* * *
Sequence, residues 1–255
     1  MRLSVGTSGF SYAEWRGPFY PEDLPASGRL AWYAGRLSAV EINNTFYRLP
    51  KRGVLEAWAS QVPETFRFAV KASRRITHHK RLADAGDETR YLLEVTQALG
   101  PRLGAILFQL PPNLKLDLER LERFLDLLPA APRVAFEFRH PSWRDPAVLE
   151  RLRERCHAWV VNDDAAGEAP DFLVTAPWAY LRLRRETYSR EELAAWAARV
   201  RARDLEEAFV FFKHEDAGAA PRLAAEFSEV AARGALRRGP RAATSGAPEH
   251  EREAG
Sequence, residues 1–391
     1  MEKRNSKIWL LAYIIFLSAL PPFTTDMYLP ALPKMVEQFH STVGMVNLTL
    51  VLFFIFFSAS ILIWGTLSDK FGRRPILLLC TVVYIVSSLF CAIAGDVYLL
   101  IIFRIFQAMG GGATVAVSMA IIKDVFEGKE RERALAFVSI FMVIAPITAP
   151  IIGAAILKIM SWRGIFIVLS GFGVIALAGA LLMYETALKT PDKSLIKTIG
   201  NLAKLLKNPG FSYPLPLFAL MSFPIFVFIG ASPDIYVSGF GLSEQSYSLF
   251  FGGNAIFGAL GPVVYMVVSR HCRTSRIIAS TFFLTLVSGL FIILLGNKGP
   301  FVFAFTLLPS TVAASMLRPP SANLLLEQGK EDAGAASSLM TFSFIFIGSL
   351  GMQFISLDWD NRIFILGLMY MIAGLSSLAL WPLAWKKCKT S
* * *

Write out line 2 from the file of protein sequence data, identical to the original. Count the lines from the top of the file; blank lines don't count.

     1  MRLSVGTSGF SYAEWRGPFY PEDLPASGRL AWYAGRLSAV EINNTFYRLP